Easy Quit System – Quit Smoking Method

Easy Quit System eBook
Easy Quit System eBook
There are many different quit smoking methods and different methods work for different people. Much of it depends on a person’s personality and will power. One of the methods that I was very successful with was the Easy Quit System. After reading the book, smoking as I did, my eyes were opened to many of the psychological effects of smoking. I used to think of how quitting smoking was a matter of will power and that I was just addicted to nicotine. If I could get the nicotine out of my system then I would be okay. Well the fact of the matter is the nicotine addiction is a small part of it. The real battle is overcoming the psychological effects of smoking. Over years lighting up the effects become numerous and half the time we aren’t even aware of them, we just do it.

Of course I can’t give you the secret to quitting smoking because there isn’t one but if you are looking for a method to quit smoking that doesn’t require medication, patches, pills, or hypnotherapy then this book may be for you. If you follow the direction it provides and keep trying to quit you will be surprised at the results. Not only will this book help you to quit smoking it help you stay quit. Learn more about the Easy Quit System.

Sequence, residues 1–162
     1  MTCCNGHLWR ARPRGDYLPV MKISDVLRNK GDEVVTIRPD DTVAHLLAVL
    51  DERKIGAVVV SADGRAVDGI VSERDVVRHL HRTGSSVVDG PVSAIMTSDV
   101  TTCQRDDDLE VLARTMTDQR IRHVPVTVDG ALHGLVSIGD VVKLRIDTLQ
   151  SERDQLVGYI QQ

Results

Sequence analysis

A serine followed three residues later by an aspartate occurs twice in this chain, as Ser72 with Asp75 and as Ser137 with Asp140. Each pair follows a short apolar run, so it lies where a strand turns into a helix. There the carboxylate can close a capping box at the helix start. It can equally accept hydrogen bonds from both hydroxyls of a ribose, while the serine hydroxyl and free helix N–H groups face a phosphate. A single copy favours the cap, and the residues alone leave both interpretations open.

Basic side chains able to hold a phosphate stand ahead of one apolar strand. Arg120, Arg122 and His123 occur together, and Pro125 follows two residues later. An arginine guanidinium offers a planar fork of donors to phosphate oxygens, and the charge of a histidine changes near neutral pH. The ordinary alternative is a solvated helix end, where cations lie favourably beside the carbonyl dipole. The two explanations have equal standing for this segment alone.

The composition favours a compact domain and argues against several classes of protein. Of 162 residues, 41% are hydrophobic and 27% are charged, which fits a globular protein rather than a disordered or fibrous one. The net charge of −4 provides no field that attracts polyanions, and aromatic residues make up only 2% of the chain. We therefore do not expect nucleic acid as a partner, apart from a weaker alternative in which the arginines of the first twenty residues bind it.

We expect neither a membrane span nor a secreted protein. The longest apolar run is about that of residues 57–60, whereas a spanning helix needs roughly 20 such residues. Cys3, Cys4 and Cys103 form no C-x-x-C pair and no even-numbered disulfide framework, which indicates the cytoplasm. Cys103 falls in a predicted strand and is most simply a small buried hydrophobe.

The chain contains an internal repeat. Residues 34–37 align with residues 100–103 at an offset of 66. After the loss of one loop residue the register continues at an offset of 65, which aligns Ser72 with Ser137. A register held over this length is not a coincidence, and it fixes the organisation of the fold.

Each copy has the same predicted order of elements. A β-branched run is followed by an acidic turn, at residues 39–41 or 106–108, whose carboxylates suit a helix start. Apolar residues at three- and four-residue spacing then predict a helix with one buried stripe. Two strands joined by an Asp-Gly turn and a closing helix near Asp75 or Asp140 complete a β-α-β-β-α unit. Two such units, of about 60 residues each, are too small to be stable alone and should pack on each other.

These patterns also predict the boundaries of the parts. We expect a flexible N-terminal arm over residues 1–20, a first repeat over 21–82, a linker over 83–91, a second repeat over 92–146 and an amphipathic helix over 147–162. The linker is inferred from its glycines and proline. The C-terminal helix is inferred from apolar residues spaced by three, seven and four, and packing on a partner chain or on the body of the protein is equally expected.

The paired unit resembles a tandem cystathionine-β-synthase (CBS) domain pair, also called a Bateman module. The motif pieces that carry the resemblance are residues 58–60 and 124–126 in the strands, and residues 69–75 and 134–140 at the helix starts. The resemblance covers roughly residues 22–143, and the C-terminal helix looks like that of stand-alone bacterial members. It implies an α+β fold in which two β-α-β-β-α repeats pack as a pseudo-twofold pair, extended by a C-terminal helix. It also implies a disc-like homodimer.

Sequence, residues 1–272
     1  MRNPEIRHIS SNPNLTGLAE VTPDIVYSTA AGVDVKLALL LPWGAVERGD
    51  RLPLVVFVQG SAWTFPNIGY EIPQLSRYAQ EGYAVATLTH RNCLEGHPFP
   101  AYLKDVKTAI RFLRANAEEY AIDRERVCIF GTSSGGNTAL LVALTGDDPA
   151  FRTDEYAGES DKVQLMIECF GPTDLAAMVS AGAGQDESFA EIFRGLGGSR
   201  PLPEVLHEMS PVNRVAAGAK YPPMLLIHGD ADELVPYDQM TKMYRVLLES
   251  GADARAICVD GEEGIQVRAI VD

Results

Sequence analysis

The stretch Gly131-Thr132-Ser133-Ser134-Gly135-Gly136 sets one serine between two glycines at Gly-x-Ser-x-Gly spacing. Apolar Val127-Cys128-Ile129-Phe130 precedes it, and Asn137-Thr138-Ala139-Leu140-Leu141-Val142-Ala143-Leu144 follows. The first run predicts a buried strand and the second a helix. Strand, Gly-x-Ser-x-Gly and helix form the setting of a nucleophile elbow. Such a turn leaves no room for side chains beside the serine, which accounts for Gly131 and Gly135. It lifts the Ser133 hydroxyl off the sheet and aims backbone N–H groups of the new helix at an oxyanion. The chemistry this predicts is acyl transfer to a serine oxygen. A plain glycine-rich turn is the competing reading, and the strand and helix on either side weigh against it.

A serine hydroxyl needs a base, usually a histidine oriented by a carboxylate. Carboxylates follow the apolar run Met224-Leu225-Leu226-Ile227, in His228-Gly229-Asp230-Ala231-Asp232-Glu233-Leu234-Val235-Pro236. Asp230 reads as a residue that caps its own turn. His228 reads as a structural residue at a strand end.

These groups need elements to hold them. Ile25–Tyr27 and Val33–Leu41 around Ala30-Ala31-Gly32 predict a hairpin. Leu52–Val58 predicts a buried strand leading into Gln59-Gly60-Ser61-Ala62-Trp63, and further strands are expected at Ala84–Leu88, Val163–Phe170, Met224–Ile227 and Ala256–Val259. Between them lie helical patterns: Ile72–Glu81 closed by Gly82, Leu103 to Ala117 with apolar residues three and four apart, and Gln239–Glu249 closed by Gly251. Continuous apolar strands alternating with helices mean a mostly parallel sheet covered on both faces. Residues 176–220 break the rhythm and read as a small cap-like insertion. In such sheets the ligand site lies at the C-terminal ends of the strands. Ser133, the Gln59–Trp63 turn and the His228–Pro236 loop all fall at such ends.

Smoking and COPD

People with COPD have difficult time breathing and the only way to prevent it from getting worse is to stop smoking. More than 100,000 people die each year because of COPD due to smoking.

According to the American Cancer Society’s Cancer Prevention Study people who smoked were 12 to 13 times more likely to die from COPD than nonsmokers.

COPD is the fourth leading cause of death in the United States. According to the National Heart Lung and Blood Institute more than 12 million people are currently diagnosed with COPD and another 12 million have it and don’t even know it.

COPD, or chronic obstructive pulmonary (PULL-mun-ary) disease, is a progressive disease that makes it hard to breathe. “Progressive” means the disease gets worse over time.

COPD can cause coughing that produces large amounts of mucus (a slimy substance), wheezing, shortness of breath, chest tightness, and other symptoms.

Cigarette smoking is the leading cause of COPD. Most people who have COPD smoke or used to smoke. Long-term exposure to other lung irritants, such as air pollution, chemical fumes, or dust, also may contribute to COPD.

Healthy Alveoli and Damaged Alveoli
Healthy Alveoli and Damaged Alveoli

Dangers of Secondhand Smoke to Adults

Health Effects of Secondhand Smoke
Health Effects of Secondhand Smoke

Evidence shows that there is no safe level of exposure to secondhand smoke. Secondhand smoke harms everyone who is exposed to it. Millions of Americans are exposed to the concentrations of many cancer-causing and toxic chemicals that are in secondhand smoke either at home, in the workplace, or other places such as bars and clubs. Despite substantial progress in tobacco control secondhand smoke continues to be a problem.

Secondhand Smoke in the Workplace

Nearly 30 percent (according to the Surgeon General) of indoor workers are not covered by a smoke-free workplace policy. Separating smokers from nonsmokers, cleaning the air, or ventilation systems are enough to protect nonsmokers from the health effects of secondhand smoke. In fact some of these systems can distribute the toxins throughout the building.